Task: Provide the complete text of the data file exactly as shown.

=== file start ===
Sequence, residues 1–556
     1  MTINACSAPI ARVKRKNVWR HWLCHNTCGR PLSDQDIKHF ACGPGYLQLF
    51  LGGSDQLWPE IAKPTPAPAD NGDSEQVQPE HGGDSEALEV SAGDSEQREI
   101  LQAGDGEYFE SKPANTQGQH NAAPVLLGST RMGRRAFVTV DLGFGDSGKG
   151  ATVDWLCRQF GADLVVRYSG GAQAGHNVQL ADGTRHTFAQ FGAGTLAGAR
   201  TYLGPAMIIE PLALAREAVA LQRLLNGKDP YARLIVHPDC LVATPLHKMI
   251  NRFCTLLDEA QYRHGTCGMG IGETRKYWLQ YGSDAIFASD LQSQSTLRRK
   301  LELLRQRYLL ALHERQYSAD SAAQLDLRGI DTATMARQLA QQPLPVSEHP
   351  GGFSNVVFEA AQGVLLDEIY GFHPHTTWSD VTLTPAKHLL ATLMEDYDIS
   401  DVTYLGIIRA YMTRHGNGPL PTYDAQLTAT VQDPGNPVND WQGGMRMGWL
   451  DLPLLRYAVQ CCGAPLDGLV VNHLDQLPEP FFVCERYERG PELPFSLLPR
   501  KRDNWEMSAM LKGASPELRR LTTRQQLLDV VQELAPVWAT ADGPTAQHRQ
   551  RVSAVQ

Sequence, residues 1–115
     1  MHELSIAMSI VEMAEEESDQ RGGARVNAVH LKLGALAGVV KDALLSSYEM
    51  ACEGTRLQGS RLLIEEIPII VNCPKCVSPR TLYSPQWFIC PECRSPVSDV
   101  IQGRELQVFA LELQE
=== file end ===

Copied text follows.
Sequence, residues 1–556
     1  MTINACSAPI ARVKRKNVWR HWLCHNTCGR PLSDQDIKHF ACGPGYLQLF
    51  LGGSDQLWPE IAKPTPAPAD NGDSEQVQPE HGGDSEALEV SAGDSEQREI
   101  LQAGDGEYFE SKPANTQGQH NAAPVLLGST RMGRRAFVTV DLGFGDSGKG
   151  ATVDWLCRQF GADLVVRYSG GAQAGHNVQL ADGTRHTFAQ FGAGTLAGAR
   201  TYLGPAMIIE PLALAREAVA LQRLLNGKDP YARLIVHPDC LVATPLHKMI
   251  NRFCTLLDEA QYRHGTCGMG IGETRKYWLQ YGSDAIFASD LQSQSTLRRK
   301  LELLRQRYLL ALHERQYSAD SAAQLDLRGI DTATMARQLA QQPLPVSEHP
   351  GGFSNVVFEA AQGVLLDEIY GFHPHTTWSD VTLTPAKHLL ATLMEDYDIS
   401  DVTYLGIIRA YMTRHGNGPL PTYDAQLTAT VQDPGNPVND WQGGMRMGWL
   451  DLPLLRYAVQ CCGAPLDGLV VNHLDQLPEP FFVCERYERG PELPFSLLPR
   501  KRDNWEMSAM LKGASPELRR LTTRQQLLDV VQELAPVWAT ADGPTAQHRQ
   551  RVSAVQ

Sequence, residues 1–115
     1  MHELSIAMSI VEMAEEESDQ RGGARVNAVH LKLGALAGVV KDALLSSYEM
    51  ACEGTRLQGS RLLIEEIPII VNCPKCVSPR TLYSPQWFIC PECRSPVSDV
   101  IQGRELQVFA LELQE